Abu Dhabi fair looks to increase attendance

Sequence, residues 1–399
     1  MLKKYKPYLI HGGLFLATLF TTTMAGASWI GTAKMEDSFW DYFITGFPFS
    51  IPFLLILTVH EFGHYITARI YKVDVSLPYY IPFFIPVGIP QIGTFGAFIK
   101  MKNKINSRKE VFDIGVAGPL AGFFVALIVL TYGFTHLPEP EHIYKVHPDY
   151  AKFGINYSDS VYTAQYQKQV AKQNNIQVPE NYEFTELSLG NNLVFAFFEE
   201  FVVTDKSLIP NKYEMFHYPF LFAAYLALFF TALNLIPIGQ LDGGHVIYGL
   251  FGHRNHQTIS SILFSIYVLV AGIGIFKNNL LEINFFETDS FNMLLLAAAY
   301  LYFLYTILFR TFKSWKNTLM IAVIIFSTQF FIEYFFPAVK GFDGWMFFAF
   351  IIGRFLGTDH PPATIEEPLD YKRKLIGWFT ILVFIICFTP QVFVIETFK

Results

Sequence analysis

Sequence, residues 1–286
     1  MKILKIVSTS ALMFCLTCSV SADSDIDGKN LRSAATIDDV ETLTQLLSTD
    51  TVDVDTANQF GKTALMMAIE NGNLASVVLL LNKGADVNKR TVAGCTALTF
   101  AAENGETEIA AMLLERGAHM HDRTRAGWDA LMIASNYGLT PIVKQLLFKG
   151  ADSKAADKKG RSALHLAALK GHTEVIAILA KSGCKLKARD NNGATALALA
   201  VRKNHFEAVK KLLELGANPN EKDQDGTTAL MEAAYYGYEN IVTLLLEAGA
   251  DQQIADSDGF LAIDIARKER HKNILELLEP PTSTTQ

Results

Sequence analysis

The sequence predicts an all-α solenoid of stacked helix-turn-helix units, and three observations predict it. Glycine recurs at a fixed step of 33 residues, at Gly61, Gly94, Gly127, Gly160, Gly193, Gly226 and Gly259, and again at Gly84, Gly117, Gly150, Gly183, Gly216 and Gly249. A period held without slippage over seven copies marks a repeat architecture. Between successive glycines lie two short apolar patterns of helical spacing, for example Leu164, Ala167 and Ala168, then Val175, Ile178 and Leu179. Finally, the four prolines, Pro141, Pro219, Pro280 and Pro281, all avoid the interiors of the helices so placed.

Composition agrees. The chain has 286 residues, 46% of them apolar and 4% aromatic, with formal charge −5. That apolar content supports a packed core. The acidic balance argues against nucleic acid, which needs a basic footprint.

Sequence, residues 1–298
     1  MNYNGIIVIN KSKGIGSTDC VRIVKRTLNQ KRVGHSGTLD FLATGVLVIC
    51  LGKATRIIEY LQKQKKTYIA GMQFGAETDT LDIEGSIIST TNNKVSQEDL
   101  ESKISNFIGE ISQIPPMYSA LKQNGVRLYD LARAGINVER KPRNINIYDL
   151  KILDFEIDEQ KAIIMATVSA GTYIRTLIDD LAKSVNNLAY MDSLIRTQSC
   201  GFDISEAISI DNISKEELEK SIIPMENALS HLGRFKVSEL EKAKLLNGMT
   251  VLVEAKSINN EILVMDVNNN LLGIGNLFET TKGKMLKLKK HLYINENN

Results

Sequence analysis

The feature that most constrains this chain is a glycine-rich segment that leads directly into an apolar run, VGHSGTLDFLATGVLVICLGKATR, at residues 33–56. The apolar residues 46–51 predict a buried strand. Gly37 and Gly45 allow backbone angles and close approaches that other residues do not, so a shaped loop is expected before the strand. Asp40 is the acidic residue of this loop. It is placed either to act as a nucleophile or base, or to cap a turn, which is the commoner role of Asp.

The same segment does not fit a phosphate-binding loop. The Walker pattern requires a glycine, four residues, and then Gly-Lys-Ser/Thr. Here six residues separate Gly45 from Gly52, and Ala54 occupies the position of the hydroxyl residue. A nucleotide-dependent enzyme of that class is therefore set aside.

<p>Organisers of the Abu Dhabi International Book Fair (ADIBF) are planning additional professional programmes and enticements to attract more international publishers to future fairs.</p><p>The 2010 fair opened on 2nd March and featured more than 800 exhibitors, up from 637 in 2009, which was itself an increase on 2008 figures. Publishers, authors, librarians and agents from more than 60 countries attended, compared with 53 last year.</p><p>But Kitab, the joint venture between the Abu Dhabi Authority for Culture and Heritage and Frankfurt Book Fair, said it will move towards being &quot;purely&quot; a trade fair&mdash;without members of the public being allowed to attend&mdash;once distribution throughout the Arab world has been better established. Organisers will also go to book fairs in Bologna and London to canvass opinion on what would interest international publishers.</p><p>Monika Krauss, general manager of Kitab, told The Bookseller: &quot;As long as there is no distribution of books in the Arab world, this kind of fair is extremely important for the public, because it is the only place people can buy books, and publishers can sell them. But, long term, we are moving towards a purely professional fair, once we can find a way of satisfying the public in another way.&quot;</p><p>Krauss said this would happen &quot;as quickly as possible,&quot; although she noted the fair was a traditional way of selling books, which couldn&#39;t be changed &quot;just like that&quot;.</p><p>She added: &quot;We are really very pleased that our professional programmes were well attended&mdash;that shows we are on the right track.&quot; As a result of initial discussions with international publishers, Krauss said ADIBF would probably offer more tailored programmes, such as &quot;matchmaking&quot; sessions.</p><p>The organisers will also be evaluating some of the enticements offered this year in a bid to attract foreign publishers to the event. However, subsidies, such as those received by UK publishers in a Publishers Association-coordinated collective stand, would remain.</p><p>&quot;The less we subsidise the better,&quot; said Krauss. &quot;Subsidising a stand is not that difficult, but it has to make sense. The idea behind the collective stand is that more publishers find out it is an interesting market and come back, and tell others who come.&quot;</p><p>Krauss added the organisers were considering introducing a specialist section of the fair dedicated to children&#39;s publishing.</p>